iPhone X Successor With 5.85-Inch OLED Display Will Be the Cheapest 2018 Model: Report

Like every year, Apple will be launching its new iPhone models in fall 2018. As per previous reports, the Cupertino giant is expected to launch three iPhone variants this year – a 6.5-inch OLED model, a 6.1-inch LCD model, and a 5.8-inch OLED model. According to new information, the 5.8-inch variant of the 2018 iPhone will be cheaper to manufacture, despite the OLED display. This could be an indication for Apple fans to expect a price drop from the massive $999 price point of the iPhone X that was launched last year.

Digitimes Research analyst Luke Lin said in a research note, the new 5.8-inch model of the iPhone will have a total bill of materials (MBOM) over 10 percent lower than the iPhone X had when it was initially launched. Lin says in the report that the iPhone X MBOM was more than $400 in 2017. Due to this cost reduction, the report says, “Apple may position the new 5.85-inch device as the cheapest model of all three next-generation iPhone models.”

Interestingly, Lin says Apple had previously planned to bring another LCD version of the 5.85-inch iPhone. However, the project was suspended “mid-February and may be eventually terminated.” The company was reportedly planning to launch the LCD version of the handset “due to MBOM concerns.”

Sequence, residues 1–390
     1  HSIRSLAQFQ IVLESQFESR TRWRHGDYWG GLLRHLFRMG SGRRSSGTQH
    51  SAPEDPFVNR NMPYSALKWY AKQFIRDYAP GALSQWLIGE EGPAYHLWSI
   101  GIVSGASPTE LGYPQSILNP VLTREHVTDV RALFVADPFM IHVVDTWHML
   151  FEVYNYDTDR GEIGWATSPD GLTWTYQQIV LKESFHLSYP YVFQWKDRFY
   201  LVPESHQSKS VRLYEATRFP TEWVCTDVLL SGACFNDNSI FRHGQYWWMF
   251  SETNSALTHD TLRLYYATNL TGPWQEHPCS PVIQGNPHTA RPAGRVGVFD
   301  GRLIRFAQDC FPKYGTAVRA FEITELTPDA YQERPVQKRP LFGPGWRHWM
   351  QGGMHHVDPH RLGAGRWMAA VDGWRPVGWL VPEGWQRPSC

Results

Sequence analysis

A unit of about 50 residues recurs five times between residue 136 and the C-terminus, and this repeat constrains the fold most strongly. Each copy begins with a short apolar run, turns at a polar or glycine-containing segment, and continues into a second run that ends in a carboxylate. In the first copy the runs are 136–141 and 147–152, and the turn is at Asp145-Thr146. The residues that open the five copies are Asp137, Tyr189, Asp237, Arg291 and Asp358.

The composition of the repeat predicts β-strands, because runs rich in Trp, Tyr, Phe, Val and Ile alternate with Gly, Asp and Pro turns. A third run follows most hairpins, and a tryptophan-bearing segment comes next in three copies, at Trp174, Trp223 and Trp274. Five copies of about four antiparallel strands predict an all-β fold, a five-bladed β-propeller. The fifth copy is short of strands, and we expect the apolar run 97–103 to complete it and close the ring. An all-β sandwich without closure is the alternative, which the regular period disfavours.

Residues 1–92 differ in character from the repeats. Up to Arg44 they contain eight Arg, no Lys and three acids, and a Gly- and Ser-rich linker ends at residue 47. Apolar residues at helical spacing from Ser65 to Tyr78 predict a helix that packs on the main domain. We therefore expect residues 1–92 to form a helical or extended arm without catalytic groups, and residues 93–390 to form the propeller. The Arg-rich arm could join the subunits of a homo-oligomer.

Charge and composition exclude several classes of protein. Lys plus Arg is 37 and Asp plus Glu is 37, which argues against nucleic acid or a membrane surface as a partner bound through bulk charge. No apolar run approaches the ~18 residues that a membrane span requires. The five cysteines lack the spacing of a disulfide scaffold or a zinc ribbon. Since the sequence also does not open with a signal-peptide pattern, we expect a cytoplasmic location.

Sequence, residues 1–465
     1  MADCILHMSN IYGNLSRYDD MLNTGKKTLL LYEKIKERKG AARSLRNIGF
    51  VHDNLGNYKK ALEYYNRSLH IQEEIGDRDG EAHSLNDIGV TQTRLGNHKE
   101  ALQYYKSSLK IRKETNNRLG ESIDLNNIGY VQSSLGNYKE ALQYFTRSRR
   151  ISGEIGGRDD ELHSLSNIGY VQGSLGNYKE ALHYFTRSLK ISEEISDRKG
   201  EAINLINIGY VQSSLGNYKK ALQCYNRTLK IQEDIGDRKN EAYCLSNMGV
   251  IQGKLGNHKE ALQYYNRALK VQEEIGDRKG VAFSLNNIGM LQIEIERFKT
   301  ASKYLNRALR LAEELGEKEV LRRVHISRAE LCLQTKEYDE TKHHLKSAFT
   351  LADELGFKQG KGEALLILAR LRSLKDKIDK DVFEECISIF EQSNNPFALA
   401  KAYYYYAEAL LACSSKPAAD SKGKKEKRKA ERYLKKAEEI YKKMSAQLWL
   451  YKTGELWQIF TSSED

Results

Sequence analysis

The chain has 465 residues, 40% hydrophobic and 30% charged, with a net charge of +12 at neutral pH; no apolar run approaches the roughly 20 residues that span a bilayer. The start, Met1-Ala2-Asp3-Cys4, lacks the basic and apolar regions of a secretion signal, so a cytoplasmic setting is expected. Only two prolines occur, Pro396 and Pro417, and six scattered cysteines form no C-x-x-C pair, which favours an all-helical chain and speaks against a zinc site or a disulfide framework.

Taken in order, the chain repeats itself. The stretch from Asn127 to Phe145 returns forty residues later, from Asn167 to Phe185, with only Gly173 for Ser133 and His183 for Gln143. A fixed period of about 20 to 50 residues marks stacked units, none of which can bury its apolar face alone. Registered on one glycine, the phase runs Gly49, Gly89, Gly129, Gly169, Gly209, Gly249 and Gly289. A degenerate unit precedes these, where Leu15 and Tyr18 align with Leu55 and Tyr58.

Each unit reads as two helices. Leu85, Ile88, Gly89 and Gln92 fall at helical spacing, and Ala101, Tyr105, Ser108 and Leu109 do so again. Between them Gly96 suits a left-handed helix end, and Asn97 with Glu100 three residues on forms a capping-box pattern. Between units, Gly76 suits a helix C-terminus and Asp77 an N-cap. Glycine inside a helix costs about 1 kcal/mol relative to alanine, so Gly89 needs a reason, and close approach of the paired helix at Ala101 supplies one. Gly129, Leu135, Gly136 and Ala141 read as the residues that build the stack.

The report also added that, due to a weak demand of the iPhone X, Apple took fewer OLED panels from Samsung Display, which resulted in “more bargaining chips” for the latter in negotiations for the manufacturing of 2018 iPhone. While this could have led to price increments, the report claims that Apple has already reached an agreement with Samsung Display “with satisfactory terms.”

Lin believes that the 5.85-inch OLED iPhone can be launched as the cheapest of the three new models. He says that engineering samples have shown that this particular model has adopted components with lower specs than in the 6.1-inch LCD iPhone. Interestingly, LPDDR memory (RAM) will be one of the biggest differences, the report claimed.

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